Philip the Arab was the first of several short-lived emperors who would rule the vast Roman Empire for the next three decades. While Philip’s brief reign was spent mostly in constant combat, he did make some contributions to the empire. Although his budgetary restraints caused rebellions along the borders, he did curtail abuses in the treasury. Among numerous public works projects, he built new reservoirs to relieve water shortages in Rome, and he made attempts to decentralize the government by appointing several new provincial governors. Also, despite the exorbitant price, he led the city’s celebration of its one-thousandth anniversary with lavish games at the Circus Maximus. Oddly, years after his death, he was considered by some to be the first Christian emperor; a rumor circulated because of his favorable treatment of Christians; however, the fact that Philip had his father deified would seem to disprove this idea.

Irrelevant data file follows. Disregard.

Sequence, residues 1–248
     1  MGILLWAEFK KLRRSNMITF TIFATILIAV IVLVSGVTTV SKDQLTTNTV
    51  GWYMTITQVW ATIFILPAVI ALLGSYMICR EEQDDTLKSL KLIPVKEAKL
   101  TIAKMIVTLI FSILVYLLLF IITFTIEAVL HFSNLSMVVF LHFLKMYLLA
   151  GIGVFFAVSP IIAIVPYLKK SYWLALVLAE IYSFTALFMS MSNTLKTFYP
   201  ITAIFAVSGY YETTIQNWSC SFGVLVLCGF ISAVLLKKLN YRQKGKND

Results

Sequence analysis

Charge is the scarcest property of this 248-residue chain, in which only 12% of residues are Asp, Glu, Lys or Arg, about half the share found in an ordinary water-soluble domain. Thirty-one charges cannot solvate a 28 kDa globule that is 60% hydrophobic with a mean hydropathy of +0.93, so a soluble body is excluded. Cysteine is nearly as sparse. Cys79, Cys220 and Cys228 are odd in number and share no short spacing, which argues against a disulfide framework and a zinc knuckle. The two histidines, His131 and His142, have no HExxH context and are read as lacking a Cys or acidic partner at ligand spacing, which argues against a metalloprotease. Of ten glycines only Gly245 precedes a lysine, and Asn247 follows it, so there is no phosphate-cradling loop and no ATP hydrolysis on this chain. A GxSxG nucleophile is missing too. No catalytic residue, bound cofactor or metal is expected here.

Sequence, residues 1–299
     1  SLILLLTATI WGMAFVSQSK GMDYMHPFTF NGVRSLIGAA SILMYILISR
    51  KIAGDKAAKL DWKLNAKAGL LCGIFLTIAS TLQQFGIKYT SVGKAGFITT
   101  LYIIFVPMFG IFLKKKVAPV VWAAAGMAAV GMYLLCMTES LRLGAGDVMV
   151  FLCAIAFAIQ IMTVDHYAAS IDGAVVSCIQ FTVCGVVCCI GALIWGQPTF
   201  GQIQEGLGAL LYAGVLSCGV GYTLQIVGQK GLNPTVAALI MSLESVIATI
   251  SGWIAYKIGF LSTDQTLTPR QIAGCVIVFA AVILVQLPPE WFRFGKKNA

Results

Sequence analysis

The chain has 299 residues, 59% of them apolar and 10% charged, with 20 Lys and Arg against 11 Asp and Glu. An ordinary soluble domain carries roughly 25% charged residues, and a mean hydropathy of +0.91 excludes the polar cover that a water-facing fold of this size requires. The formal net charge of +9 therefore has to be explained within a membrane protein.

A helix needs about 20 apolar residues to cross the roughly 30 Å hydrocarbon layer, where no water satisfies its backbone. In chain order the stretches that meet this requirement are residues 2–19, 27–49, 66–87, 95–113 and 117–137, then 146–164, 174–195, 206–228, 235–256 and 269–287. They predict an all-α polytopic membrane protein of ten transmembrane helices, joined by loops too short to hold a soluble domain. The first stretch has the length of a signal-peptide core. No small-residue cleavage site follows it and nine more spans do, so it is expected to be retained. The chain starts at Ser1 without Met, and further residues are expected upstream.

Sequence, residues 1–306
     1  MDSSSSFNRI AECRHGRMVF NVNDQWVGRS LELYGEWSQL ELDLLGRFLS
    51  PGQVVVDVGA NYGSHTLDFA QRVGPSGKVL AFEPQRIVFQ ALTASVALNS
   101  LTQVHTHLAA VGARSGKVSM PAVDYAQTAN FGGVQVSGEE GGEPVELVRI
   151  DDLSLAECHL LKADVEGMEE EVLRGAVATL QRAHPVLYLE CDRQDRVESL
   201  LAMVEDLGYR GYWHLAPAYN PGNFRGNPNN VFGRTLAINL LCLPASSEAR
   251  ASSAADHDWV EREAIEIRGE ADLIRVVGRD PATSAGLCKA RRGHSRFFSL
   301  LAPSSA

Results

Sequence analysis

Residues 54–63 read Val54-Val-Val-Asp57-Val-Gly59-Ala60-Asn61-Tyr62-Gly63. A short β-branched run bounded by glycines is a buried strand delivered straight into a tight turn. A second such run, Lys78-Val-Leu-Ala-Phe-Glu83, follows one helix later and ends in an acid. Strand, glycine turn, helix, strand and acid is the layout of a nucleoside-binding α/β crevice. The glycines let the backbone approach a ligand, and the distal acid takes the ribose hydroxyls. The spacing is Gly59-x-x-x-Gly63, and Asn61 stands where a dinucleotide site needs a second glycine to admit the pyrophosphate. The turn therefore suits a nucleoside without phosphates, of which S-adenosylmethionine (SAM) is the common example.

- Grant, M. The Roman Emperors. Barnes and Noble, 1985.
- Potter, D. The Emperors of Rome. Metro Books, 2007.
- Scarre, C. Chronicles of the Roman Emperors. Thames and Hudson, 1995.
- Various. Historia Augusta. Harvard University Press, 1932.